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[casi-analysis] Latest postcard, briefing and events

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Dear friends,

Please find below info. re. the new Voices campaign postcard ('Stop Killing
Iraqis, End the Occupation'), a new briefing ('Enemies of Democracy') and a
list of upcoming events -a more complete version of which will be available
on the web-site shortly. PLEASE NOTE that the talk with CPT member Maxine
Nash, which had been scheduled to take place on the 11th at the Quaker
International Centre has had to be cancelled - her funding to come to the UK
fell through. However former Voices delegate Jo Baker - who has also just
returned from Iraq - will be speaking at an event on the 12th (see list of
events below)

Best wishes,

voices uk

[A] New campaign postcard: 'Stop Killing Iraqis, End the Occupation'
[B] New Voices briefing: 'Enemies of Democracy'
[C] Upcoming Iraq-related events


Voices has produced a new campaign postcard to Tony Blair, entitled 'Stop
Killing Iraqis, End the Occupation' (see text below). Copies are available
FREE (though donations are always appreciated!) from the Voices office: Ideal for stalls, mailings etc... Please specify how
many you want!

The US and UK governments claim that on 30 June they will hand over
‘sovereignty’ to a so-called Iraqi Interim Government (IIG), ‘ending’ the

In reality:

* The US/UK military occupation of Iraq will continue ‘indefinitely’ (Wash.
Post, 22 April) and the US will remain in control of the Iraqi army

* The IIG will be a selected - not elected - body with no democratic
mandate. It is not allowed to reverse any of the laws – including the
illegal privatisation measures - that the occupying powers have passed.

* The deadline for the first election is not until 31 Jan 2005 - if it ever

* The US will simply be moving to an “embassy”, with 1700 staff and an
annual budget of $1bn, where ‘most power will reside’ (AP, 21 March)

Since the occupation will continue, so will the abuses identified by Amnesty
International (March 2004): civilians shot dead; arbitrary arrests and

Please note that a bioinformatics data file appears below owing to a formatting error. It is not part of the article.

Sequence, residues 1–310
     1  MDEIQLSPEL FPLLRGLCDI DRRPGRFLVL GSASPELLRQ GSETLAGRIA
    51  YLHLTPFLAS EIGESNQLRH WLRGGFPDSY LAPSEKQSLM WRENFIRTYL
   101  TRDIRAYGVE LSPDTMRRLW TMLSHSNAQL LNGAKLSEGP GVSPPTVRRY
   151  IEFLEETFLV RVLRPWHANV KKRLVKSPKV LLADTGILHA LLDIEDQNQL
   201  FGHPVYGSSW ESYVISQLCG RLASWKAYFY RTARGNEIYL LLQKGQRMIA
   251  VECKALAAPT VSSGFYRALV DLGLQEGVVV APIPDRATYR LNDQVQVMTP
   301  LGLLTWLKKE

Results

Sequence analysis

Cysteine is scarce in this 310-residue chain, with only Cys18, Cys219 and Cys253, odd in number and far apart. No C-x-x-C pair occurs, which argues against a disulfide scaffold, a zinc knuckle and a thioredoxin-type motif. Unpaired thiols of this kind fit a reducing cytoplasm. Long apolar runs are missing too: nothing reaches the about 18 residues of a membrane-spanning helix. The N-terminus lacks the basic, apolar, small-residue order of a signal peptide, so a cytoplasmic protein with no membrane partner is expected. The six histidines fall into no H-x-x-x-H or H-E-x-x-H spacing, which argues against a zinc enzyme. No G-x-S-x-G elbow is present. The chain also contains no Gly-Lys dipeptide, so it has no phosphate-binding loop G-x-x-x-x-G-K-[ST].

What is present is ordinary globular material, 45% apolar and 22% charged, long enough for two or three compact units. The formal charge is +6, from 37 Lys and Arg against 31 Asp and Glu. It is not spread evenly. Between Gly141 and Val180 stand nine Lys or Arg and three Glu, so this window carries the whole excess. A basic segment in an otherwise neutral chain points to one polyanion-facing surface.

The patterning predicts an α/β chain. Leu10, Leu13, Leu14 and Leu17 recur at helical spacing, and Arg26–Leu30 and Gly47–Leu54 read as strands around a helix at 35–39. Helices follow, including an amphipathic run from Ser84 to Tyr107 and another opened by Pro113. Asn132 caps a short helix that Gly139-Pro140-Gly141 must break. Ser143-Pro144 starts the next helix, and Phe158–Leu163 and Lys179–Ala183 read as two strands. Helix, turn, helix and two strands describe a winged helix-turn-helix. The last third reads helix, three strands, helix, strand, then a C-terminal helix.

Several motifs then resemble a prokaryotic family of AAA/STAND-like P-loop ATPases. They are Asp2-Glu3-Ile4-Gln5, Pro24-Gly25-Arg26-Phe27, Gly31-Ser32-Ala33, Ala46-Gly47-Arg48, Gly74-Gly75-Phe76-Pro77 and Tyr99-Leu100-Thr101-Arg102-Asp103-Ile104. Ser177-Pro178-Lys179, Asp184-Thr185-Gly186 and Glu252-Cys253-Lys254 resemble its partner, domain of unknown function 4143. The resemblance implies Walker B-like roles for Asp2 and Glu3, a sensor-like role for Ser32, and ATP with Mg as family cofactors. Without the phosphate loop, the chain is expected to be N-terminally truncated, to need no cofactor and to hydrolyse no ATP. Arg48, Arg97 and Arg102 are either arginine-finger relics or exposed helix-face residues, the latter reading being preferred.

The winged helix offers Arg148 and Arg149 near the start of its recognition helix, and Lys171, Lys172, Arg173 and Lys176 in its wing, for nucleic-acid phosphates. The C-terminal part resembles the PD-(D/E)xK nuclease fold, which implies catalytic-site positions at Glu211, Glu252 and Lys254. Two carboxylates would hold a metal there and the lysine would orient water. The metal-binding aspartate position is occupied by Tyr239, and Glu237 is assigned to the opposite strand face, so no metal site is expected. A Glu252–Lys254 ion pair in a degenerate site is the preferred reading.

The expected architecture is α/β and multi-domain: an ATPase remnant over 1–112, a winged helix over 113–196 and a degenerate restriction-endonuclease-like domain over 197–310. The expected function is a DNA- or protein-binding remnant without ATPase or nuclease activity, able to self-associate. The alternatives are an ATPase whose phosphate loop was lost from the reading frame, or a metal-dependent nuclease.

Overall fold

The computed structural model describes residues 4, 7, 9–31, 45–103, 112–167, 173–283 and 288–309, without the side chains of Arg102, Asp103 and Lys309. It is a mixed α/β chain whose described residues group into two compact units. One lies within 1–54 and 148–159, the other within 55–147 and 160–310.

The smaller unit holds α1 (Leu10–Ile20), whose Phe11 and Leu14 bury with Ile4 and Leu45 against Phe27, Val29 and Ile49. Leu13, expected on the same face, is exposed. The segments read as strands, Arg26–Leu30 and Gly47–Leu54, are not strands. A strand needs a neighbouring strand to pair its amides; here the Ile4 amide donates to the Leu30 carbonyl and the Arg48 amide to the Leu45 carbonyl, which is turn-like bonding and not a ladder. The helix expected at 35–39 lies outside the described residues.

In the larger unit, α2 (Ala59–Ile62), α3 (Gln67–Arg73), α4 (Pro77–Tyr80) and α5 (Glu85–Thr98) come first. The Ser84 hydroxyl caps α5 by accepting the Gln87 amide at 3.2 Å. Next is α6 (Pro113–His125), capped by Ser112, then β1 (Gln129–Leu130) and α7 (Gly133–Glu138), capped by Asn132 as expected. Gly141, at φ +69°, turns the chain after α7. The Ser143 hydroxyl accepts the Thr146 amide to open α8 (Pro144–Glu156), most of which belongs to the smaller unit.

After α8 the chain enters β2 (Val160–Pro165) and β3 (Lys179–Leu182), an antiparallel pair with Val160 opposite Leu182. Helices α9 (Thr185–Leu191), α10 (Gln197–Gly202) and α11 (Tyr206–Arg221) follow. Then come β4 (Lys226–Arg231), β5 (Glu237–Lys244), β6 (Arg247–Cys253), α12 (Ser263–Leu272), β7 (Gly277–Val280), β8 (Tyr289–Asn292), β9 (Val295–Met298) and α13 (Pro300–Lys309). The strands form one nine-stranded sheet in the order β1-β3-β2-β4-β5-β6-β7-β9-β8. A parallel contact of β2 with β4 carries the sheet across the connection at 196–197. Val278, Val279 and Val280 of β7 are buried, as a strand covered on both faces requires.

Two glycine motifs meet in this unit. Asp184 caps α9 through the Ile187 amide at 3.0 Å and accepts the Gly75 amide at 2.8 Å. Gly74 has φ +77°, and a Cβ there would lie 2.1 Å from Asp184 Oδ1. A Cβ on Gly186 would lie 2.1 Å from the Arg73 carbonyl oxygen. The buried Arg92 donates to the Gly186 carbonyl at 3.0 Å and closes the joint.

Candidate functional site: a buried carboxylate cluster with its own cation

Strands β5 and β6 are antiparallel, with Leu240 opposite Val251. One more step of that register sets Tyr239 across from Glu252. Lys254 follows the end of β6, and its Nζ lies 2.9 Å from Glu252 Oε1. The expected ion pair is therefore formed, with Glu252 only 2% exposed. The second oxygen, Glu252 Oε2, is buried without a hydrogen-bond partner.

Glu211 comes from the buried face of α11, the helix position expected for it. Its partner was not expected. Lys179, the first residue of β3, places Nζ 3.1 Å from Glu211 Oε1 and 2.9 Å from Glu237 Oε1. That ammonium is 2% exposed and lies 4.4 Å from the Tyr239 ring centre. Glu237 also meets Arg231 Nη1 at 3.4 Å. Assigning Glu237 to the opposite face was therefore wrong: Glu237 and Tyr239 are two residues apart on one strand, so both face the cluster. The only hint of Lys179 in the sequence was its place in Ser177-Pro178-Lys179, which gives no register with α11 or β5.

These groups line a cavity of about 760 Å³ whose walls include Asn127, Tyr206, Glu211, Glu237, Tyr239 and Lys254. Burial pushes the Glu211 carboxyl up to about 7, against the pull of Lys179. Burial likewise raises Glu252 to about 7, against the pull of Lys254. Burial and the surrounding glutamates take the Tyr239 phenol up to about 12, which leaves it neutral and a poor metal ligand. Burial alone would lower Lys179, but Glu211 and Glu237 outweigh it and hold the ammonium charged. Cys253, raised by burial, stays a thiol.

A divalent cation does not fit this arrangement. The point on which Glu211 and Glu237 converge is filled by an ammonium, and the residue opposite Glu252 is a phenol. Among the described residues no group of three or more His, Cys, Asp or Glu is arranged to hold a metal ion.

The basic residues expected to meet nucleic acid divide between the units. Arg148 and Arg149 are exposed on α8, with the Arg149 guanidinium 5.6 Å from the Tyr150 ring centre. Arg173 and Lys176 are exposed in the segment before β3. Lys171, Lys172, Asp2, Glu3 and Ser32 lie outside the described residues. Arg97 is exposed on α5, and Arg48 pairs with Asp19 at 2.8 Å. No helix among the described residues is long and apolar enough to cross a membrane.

indefinite detention without charge; house demolitions and collective
punishment; and the torture and ill-treatment of detainees – a pattern that
has dramatically escalated with the killing, by US forces, of hundreds of
Iraqis in Fallujah, many of whom were civilians (Guardian, 12 April).

I demand that US and British forces stop killing Iraqis and end their
military occupation of Iraq.


A Voices in the Wilderness UK briefing
7th  May 2004

On 6 April – the same day that US war planes fired rockets into residential
districts in Fallujah ‘killing 26 Iraqis, including women and children’
(Guardian, 7 April) and British troops killed 15 Iraqis in Amara (Times, 7
April) – Tony Blair denounced the ‘people who want to subvert the path of
Iraq towards a proper democracy’ (Independent, 7 April). A few days later
George Bush joined him, railing against the ‘enemies of democracy’ (AP, 11
April). Both men neglected to mention that they themselves were the main
culprits in this regard.

Since February US plans for Iraq’s political future have changed once again
but the resistance to meaningful, free elections any time soon has remained
a constant.

At stake is the ability to control a major part of the regions’ incomparable
energy reserves, as well as US plans to privatise Iraq’s economy and
establish a permanent military foothold in the country – matters the US
clearly regards as far too important to be left to Iraqis.

Interestingly Jay Garner, the first US civilian administrator for Iraq,
‘says he fell out with the Bush circle [after he called for swift and] free
elections and rejected an imposed programme of privatisation’ (Guardian, 18
March 2004). Garner was replaced by Paul Bremer in May 2003 and the US